I try and resolve these clear inconsistencies being offered by various narrative constructors on all sides. I think it is healthy to overcome what might be confirmation bias, which is something I used to deal with in my previous profession, and that is the propensity to accept data that confirms one's own preconceived opinions on any given matter.
The source of data I found to be instructive was from Public Safety Canada and the report entitled “2019 Corrections and Conditional Release Statistical Overview”. I used the government's own source to determine which information was fact, as we know it, and which is narrative fiction.
The report clearly shows that Canada's federal incarceration rate declined from 2009 to 2019 from 117 people per 100,000 Canadians in 2009, down to 107 people per 100,000 Canadians in 2019. That is a 9% reduction over a decade. There are many other touchpoints and I know that correlation and causation are not necessarily the same thing, but something clearly was going right during the period where mandatory minimums were enforced.
I like to believe I am a rational thinker and the notion of what drives people to the choice of criminal activity as a means to earn a living is, like all things, a measure of pros and cons. I will reference the common phrase of do not do the crime if one cannot do the time.
When the assessment of return, with the proliferation of a misery that is a trait of the trade in hard drugs, is greater than the assessed cost of being caught in that trade, the logical choice, outside of absolute shame, is to make that calculation. They make millions of dollars illegally and visit absolute misery upon society's most vulnerable with an assessed chance of imprisonment of, say, 20%. That is one in five perpetrators of this death and destruction will get caught and serve time for committing that crime.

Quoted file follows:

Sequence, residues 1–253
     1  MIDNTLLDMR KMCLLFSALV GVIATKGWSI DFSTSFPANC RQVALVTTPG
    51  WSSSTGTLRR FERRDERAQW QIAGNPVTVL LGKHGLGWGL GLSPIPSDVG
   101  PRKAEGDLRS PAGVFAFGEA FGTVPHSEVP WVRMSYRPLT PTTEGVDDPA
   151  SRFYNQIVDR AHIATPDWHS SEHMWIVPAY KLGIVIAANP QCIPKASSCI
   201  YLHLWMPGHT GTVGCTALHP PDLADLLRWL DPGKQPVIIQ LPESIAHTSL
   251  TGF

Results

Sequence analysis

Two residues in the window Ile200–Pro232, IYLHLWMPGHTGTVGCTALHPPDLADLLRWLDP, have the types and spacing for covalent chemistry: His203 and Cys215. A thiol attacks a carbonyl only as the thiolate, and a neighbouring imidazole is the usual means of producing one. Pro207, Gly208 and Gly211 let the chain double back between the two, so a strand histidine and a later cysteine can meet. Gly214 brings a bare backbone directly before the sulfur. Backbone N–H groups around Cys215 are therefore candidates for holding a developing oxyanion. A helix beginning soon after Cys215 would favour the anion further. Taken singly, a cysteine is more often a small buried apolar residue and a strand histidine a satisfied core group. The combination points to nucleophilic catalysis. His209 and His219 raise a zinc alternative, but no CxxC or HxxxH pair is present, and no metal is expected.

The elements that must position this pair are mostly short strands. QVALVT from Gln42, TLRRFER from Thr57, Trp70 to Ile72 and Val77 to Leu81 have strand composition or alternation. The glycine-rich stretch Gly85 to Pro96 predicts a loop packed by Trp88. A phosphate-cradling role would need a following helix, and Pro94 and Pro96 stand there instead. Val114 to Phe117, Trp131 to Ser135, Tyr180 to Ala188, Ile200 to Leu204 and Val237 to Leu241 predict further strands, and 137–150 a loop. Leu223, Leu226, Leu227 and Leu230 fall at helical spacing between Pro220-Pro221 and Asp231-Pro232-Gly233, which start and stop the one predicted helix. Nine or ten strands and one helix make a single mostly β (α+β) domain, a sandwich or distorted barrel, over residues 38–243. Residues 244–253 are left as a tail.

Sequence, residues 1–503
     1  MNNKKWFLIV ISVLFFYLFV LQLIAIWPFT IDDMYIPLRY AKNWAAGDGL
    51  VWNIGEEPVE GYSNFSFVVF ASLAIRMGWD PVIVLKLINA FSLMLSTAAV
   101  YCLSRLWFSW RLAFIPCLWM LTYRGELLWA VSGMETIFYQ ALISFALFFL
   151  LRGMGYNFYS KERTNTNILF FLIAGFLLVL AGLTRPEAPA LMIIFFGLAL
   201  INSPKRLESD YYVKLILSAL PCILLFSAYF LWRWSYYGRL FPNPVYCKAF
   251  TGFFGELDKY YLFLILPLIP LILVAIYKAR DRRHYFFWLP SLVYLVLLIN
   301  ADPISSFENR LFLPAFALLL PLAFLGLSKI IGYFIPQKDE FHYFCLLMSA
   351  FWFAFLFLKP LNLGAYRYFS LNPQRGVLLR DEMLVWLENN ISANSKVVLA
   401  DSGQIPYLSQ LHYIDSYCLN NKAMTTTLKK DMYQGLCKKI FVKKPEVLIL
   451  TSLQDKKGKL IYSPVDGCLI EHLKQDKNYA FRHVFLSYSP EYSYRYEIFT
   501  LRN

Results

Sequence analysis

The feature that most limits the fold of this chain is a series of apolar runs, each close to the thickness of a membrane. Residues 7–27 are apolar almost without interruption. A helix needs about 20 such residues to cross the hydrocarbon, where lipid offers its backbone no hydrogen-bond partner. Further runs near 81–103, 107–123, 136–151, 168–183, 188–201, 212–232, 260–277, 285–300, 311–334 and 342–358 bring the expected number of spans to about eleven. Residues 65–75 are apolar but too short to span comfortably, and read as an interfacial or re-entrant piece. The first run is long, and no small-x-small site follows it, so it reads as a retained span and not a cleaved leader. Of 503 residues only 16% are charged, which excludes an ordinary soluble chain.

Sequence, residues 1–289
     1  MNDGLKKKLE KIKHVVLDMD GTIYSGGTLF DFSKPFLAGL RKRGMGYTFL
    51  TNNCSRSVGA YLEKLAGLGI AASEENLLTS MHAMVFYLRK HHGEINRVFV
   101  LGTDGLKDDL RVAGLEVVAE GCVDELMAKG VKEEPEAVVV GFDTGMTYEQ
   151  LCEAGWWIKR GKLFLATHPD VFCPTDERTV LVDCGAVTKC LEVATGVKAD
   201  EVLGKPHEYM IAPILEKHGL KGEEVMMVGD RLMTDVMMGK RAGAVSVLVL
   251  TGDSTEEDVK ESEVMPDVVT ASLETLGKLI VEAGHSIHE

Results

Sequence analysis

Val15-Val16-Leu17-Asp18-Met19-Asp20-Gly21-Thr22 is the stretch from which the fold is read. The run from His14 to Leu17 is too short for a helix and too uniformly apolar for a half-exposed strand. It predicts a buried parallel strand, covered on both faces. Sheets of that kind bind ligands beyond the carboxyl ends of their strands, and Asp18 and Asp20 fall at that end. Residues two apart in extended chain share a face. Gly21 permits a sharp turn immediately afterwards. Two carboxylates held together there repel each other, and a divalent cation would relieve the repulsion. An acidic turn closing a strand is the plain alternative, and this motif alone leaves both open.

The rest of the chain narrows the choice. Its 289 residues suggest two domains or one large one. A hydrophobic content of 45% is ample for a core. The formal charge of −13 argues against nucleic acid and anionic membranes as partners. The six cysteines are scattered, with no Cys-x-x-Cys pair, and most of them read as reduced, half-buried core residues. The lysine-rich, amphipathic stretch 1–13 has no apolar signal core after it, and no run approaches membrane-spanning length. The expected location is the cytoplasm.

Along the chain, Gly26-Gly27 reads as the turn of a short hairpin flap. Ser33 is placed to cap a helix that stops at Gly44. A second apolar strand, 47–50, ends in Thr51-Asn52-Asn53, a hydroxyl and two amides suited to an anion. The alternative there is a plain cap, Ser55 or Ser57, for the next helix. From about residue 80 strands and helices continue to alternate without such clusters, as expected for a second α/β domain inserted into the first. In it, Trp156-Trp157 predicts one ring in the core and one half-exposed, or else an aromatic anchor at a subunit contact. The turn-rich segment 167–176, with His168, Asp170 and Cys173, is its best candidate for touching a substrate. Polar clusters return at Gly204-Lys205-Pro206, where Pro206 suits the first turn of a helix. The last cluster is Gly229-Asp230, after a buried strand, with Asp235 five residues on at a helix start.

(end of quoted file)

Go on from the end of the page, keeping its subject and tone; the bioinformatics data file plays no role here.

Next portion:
That punishment had better suit that crime. The calculation of risk versus return needs to be very punitive. In contradiction to my colleagues who have spoken in favour of lowering sentences, the cost needs to include the shame of being removed from loved ones and communities. These crimes impact our society significantly. There should be no free pass for the consequences, particularly when those consequences are so unequally shared by our Canadian society. We cannot normalize crime.
What are these costs? They are addiction, rehabilitation, property crime, violent crime and death, and the dismantling of the social contract that binds us as a society to take care of each other. Removing these consequences for tearing down society will accelerate dire outcomes.
Now, let us address the inequities the government hangs its virtue hat on in every speech it gives about this bill, which is that Canadians of certain ethnicities are over-represented in our prisons. That fact is true, sadly, and it bears out in the statistics. It is not getting better. Let us revisit my previous comments on what drives rational people to attempt to profit from criminal activity, which is an assessment that the return is higher than the risk. Crime is a big business. Where do criminal organizations, those making millions moving fentanyl and other destructive drugs through our cities, get their foot soldiers?